The conceit of good journalism (Limitations on Press Freedom in Kenya)
The conceit of good journalism
PERCY ZVOMUYA - Dec 01 2008
Several days after the announcement of the 2008 Rory Peck Award for News, you can feel that Clifford Derrick is rankled by the fact that he didn't win. "I really feel my story should have won the category," he says. His entry consisted of raw footage of the post-election violence in Kibera, a slum near Nairobi.
"Surely the news category should be about a news event that takes place on a particular day. I worked the whole day from the time the violence broke to the time the police started killing people," he says. Nevertheless, he is flattered by the nomination. "It means a lot to me," he says.
The category was won by Abdullahi Farah Duguf's Two Weeks in Mogadishu, a story about destruction and human misery in Mogadishu, Somalia. The gong is awarded to freelance camera people involved in TV news, current affairs and documentaries from around the world. The category for features was won by Tim Hetherington for his coverage of British forces in Afghanistan. The award was established in memory of Anglo-Irish freelance cameraman, Rory Peck, killed while covering the Russian constitutional crisis of 1993.
Derrick was thrust into the centre of the Kenyan election story quite by chance. While taking a break from his post-graduate studies at Wits University he went back to his native Kenya last December to visit his family. He found his country on the edge. Kenya's president, Mwai Kibaki, was in a mortal battle with opponent Raila Odinga to win the vote of the Kenyan people.
As a citizen Derrick had reservations about the direction in which his country was heading and as a journalist he was appalled by the way the Kenyan media was covering the unfolding mess. "The release of most of the news felt managed. I found that certain stories were not coming out." He says the story was "one-sided" and Odinga was being portrayed as "pro-violent". He found that "they weren't addressing the main issues at all".
It was set to get worse. When the violence spiralled out of control following the swearing in of Kibaki, Derrick says local networks didn't carry the story. "Instead they just broadcast a lot of entertainment news. Local networks had been told not to broadcast what was really taking place."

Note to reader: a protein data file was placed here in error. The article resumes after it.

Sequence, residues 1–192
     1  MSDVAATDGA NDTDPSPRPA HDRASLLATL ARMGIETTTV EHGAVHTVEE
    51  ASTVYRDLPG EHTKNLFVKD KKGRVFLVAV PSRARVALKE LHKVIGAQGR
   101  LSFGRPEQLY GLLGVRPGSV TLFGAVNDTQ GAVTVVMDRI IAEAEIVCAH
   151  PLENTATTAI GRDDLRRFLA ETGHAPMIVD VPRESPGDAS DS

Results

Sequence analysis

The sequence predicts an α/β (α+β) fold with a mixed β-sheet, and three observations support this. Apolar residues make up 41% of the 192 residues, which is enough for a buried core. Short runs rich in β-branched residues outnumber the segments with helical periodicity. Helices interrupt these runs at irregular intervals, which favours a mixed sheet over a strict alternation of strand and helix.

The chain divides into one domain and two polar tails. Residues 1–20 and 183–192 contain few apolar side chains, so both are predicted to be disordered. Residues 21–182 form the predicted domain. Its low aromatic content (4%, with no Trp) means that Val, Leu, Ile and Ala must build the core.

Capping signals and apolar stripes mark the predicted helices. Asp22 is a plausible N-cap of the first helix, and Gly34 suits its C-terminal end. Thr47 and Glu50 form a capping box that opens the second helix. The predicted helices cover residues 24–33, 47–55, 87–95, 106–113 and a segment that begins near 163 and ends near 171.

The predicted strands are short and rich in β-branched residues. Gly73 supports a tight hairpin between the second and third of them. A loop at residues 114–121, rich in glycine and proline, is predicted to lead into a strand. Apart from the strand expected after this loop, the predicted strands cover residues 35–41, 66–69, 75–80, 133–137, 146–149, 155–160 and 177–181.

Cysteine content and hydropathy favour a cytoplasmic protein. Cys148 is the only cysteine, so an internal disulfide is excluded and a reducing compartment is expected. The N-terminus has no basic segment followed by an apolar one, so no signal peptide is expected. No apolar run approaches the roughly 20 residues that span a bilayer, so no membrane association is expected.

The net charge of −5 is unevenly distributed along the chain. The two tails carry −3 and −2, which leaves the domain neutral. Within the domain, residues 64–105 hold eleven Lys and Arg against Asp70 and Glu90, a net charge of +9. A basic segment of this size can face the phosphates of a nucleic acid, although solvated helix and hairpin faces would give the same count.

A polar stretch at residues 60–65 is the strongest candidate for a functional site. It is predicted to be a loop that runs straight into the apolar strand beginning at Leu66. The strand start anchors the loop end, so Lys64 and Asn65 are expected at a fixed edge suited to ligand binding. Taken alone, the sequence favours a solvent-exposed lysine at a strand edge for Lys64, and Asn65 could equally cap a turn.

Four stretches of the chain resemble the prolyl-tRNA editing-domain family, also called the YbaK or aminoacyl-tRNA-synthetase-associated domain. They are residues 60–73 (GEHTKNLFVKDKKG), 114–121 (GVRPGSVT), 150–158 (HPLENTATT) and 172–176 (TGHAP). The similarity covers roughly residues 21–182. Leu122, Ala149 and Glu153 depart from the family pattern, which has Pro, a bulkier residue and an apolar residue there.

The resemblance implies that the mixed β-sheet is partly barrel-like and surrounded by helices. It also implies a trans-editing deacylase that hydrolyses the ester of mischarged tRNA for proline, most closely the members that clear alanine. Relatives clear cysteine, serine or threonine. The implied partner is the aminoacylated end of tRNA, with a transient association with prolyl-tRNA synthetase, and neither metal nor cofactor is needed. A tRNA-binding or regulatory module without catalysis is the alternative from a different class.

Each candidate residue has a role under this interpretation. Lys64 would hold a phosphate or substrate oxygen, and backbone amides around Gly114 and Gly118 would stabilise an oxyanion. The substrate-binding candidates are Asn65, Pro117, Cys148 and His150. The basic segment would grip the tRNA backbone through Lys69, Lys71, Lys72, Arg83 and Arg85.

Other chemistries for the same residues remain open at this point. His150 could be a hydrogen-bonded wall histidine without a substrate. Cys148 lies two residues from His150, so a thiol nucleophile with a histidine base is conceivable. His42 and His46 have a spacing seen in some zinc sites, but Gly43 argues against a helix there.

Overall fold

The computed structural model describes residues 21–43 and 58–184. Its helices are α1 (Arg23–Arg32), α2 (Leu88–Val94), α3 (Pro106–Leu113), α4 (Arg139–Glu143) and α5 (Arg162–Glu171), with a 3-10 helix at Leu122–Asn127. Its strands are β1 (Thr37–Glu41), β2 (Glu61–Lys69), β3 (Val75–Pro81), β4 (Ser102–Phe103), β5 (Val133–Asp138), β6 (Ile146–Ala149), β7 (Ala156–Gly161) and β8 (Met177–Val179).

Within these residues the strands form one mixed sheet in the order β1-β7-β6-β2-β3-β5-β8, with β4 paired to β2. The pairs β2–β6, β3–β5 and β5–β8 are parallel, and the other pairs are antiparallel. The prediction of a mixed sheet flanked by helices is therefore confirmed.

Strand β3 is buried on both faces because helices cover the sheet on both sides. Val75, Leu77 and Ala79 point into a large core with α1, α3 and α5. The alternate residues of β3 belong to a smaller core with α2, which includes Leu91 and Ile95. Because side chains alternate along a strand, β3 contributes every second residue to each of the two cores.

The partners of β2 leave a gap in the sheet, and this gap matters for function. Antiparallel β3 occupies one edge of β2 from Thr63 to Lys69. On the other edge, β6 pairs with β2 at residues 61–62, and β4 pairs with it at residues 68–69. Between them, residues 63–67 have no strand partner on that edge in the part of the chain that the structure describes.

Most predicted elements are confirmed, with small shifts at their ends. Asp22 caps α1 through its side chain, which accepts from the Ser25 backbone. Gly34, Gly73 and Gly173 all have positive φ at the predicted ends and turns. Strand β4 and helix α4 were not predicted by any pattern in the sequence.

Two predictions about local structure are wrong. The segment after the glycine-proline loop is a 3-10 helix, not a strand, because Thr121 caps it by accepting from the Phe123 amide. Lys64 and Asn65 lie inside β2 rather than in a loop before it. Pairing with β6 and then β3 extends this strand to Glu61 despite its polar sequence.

Taking his camera equipment, Derrick left his house, going straight into the slums, the epicentre of the violence. He captured on camera police shooting people, beating up women and throwing tear gas canisters at protesters. He tried to sell his video footage to KTN, a company owned by former president Daniel arap Moi. "They refused to screen it. It was then that I talked to Al Jazeera." He now has proof that the media in Kenya is not free. He says there is no way you can rise to the editorship of a newspaper or be the head of a bureau for the foreign news networks if the government views you with suspicion.
He decided to set up base in the slums to record the story. It was a distinctly dangerous choice. "On three occasions cops threatened me. One came up and said to me: "I wonder whether you will be alive at the end of the day.'"
His life at risk, Derrick had to think fast, making what he describes as "an alliance with the cops". He says: "I went up to the cops and told them that if anything happens to me I have footage of you. If I die you will be held responsible. That's why I got the best footage." It was a prescient move: "It was then that I captured the worst images. I had images of brains being blown out. It was traumatic," he says. "I could hear instructions on the walkie-talkies telling the cops to shoot to kill."
When he showed the footage to Andrew Simmons, Al Jazeera's Africa Bureau chief, Simmons was shocked by its close-up quality and its rawness. "He told me: 'The reaction is so huge. Everyone is buying our footage, even KTN.' I don't want to blow my own trumpet, but I made a significant contribution to the story."
Derrick then reels off the seven awards he has won, including the CNN African journalist of the year in 2004. A person this accomplished is bound to upset those in power. In 2005 Kenya's first lady, Lucy Kibaki, slapped him. The first lady visited the offices of The Nation newspaper to complain because she didn't find the coverage of the first family flattering enough. Derrick says she confiscated reporters' notebooks, cellphones and cameras.
Unknown to Kibaki, all this presidential thuggery was being recorded on camera. When she eventually saw him she went up to him and slapped him. His attempts to get redress came to nothing. Perhaps this explains why he struck me as a tad paranoid. He says he doesn't move around on his own and keeps his most valuable personal belongings at friends.
Despite Derrick's impulse to slip occasionally into self-adulation, you can't take away the fact that he is an accomplished journalist -- a kind that an Africa still exorcising self-destructive urges cannot do without.
Source: Mail & Guardian Online
Web Address: http://www.mg.co.za/article/2008-12-...ood-journalism